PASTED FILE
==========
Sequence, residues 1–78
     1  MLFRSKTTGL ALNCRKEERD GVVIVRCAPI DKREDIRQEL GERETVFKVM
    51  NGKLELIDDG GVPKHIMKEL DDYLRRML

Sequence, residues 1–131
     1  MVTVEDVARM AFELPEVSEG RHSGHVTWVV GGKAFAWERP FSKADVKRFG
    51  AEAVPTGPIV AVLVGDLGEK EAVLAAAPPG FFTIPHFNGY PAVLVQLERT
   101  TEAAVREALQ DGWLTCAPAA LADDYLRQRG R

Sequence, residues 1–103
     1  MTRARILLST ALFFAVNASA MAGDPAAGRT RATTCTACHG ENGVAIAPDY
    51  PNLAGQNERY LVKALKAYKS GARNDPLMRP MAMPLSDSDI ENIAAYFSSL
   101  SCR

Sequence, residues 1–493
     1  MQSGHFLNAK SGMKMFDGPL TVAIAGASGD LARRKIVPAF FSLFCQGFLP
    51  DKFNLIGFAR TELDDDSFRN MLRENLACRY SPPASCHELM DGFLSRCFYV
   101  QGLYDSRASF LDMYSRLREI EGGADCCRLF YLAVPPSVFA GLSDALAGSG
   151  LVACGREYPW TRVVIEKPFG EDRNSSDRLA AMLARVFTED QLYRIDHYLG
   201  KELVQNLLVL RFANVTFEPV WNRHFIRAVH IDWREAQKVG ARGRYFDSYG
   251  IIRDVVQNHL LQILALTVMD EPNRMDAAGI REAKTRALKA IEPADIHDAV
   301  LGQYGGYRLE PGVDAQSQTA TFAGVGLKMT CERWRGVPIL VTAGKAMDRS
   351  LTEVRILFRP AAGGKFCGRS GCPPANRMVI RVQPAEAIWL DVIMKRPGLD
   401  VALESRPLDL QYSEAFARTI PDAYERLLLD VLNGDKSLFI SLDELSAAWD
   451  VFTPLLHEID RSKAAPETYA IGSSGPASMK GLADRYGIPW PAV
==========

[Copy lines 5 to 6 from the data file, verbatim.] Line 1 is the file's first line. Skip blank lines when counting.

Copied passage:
     1  MVTVEDVARM AFELPEVSEG RHSGHVTWVV GGKAFAWERP FSKADVKRFG
    51  AEAVPTGPIV AVLVGDLGEK EAVLAAAPPG FFTIPHFNGY PAVLVQLERT